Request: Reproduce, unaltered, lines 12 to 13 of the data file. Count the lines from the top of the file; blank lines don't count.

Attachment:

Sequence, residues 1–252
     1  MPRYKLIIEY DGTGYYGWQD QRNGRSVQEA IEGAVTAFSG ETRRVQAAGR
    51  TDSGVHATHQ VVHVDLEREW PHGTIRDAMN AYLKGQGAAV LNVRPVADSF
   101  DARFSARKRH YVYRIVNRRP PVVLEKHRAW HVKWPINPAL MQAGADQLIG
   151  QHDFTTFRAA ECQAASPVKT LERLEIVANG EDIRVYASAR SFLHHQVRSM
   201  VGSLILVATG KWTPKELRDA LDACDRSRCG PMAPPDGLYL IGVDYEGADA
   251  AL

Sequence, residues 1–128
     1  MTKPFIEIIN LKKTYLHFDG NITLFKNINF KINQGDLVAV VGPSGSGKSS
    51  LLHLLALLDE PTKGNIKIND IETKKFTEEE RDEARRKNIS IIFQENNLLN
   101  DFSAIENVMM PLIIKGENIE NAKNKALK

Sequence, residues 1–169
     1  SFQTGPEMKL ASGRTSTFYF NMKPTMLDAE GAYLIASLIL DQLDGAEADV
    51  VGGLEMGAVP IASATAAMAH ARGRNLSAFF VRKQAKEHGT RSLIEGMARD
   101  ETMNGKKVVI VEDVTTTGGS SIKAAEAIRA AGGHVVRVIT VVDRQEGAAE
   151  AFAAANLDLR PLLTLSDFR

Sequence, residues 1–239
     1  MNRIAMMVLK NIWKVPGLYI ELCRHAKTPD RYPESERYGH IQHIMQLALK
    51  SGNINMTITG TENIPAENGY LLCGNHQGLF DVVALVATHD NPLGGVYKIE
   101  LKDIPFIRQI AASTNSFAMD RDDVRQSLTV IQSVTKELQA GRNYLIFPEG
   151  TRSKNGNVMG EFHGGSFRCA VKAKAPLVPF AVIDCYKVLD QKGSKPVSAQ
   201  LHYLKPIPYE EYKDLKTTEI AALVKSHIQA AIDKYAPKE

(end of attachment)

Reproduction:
Sequence, residues 1–169
     1  SFQTGPEMKL ASGRTSTFYF NMKPTMLDAE GAYLIASLIL DQLDGAEADV